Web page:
Xcel Energy to use soy oil in its transformers
FARGO, N.D. (AP) - Xcel Energy says it will be the first large utility in the country to switch to soy-based transformers, using oil produced from domestic soybean crops.
The company now uses petroleum-based mineral oil, which is the industry standard and works well, Xcel spokeswoman Bonnie Lund said Thursday.
"We are aiming to minimize our impact on the environment while balancing that against cost and reliable service," Lund said. "We want a clean energy future."
The change will not affect customer bills, Lund said. She wasn't sure how much it would cost the company, but said, "From the information I have, it won't be significant."
All new transformers will use soy oil starting this year. The change will be "little by little" with transformers that must be replaced, Lund said.
More than 50,000 soy-based transformers currently are in use throughout the country, said officials at Cooper Power Systems, which developed the product. That includes more than 70 municipal and rural electric cooperatives.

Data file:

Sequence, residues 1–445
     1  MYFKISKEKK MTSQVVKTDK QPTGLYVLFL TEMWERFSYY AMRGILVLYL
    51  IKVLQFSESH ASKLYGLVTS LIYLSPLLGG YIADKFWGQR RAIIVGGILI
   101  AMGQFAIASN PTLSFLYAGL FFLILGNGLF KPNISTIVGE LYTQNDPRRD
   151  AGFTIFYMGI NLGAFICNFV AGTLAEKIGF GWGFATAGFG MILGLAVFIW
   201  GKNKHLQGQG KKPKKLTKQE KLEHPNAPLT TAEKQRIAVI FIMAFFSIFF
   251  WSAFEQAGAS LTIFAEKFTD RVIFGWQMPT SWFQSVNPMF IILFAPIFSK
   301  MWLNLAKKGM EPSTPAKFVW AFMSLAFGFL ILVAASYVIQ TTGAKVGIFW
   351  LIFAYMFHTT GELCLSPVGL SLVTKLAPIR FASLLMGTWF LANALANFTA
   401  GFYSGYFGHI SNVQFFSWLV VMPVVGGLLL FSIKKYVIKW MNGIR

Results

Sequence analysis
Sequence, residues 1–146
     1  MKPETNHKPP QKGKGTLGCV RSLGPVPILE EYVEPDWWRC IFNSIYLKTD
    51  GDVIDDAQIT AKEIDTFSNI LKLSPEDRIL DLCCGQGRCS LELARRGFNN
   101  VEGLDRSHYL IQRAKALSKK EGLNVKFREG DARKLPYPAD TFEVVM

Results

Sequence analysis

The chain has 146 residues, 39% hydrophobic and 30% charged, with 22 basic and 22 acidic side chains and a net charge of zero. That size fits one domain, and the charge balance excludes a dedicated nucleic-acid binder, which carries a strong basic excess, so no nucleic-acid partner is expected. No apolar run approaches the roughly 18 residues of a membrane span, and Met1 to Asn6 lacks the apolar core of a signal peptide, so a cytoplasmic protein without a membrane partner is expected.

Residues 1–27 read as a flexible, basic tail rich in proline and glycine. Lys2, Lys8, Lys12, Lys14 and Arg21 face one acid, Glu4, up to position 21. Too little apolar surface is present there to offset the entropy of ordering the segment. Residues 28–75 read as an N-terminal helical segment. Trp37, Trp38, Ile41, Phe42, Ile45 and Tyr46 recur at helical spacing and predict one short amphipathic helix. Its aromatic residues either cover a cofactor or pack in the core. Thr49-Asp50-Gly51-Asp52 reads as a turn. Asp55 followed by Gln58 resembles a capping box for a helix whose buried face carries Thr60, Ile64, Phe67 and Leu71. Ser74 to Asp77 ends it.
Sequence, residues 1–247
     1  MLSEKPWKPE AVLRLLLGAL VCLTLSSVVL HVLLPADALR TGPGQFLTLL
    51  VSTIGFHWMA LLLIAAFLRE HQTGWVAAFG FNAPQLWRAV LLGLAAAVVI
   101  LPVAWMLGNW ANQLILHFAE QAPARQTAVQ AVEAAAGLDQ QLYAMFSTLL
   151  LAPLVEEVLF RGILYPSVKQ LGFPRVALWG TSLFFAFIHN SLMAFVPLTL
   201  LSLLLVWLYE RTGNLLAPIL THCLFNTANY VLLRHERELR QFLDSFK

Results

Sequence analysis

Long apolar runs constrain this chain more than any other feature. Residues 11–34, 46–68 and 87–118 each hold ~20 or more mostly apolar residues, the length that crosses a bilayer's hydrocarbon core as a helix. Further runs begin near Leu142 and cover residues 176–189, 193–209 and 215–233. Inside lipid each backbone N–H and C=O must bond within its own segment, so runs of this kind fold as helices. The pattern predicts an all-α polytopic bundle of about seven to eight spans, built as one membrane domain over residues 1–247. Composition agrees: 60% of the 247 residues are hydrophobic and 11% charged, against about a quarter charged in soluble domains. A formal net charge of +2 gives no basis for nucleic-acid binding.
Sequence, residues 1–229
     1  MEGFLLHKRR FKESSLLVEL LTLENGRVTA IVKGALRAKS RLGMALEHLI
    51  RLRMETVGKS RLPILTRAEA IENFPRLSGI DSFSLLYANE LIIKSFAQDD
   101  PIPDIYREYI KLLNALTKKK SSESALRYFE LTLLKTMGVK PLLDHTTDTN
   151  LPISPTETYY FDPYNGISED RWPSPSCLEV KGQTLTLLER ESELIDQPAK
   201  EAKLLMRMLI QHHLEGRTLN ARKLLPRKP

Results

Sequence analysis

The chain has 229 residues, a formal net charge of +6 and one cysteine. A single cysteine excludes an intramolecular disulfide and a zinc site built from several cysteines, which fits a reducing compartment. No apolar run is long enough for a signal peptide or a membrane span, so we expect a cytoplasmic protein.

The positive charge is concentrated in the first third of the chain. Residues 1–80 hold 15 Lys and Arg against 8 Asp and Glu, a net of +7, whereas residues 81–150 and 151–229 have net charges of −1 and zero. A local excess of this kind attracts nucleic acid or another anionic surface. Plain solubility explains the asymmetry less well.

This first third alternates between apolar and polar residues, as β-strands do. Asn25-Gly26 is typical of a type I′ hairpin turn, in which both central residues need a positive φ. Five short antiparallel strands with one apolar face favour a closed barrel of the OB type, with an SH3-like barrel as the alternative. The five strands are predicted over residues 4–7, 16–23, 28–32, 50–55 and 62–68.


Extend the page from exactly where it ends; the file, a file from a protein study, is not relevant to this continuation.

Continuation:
Cooper officials say the soy oil saves money because it increases the life of the transformers and reduces the number of city services needed to respond to transformer oil fires. The fire point for the soy oil is 680 degrees, compared to 311 degrees for mineral oil, Cooper officials said.
"From a field perspective, having biodegradable soy oil eliminates a lot of concerns with cleanup, should something go wrong," Lund said.
North Dakota ranks ninth in the country in soybean production. Iowa is No. 1, followed by Illinois, Minnesota, Indiana, Ohio, Nebraska, Missouri and South Dakota.
"One thing that is neat about this situation is that we are using a product that has a lot of local connections," Lund said.
Xcel serves eight states in the West and Midwest: Colorado, Michigan, Minnesota, New Mexico, North Dakota, South Dakota, Texas and Wisconsin.
Xcel President and Chief Executive Officer Dick Kelly said the use of oil from domestic soybean crops should show the company's environmental leadership.
"While the standard transformers function effectively and safely, we believe that our customers expect more," Kelly said in a statement.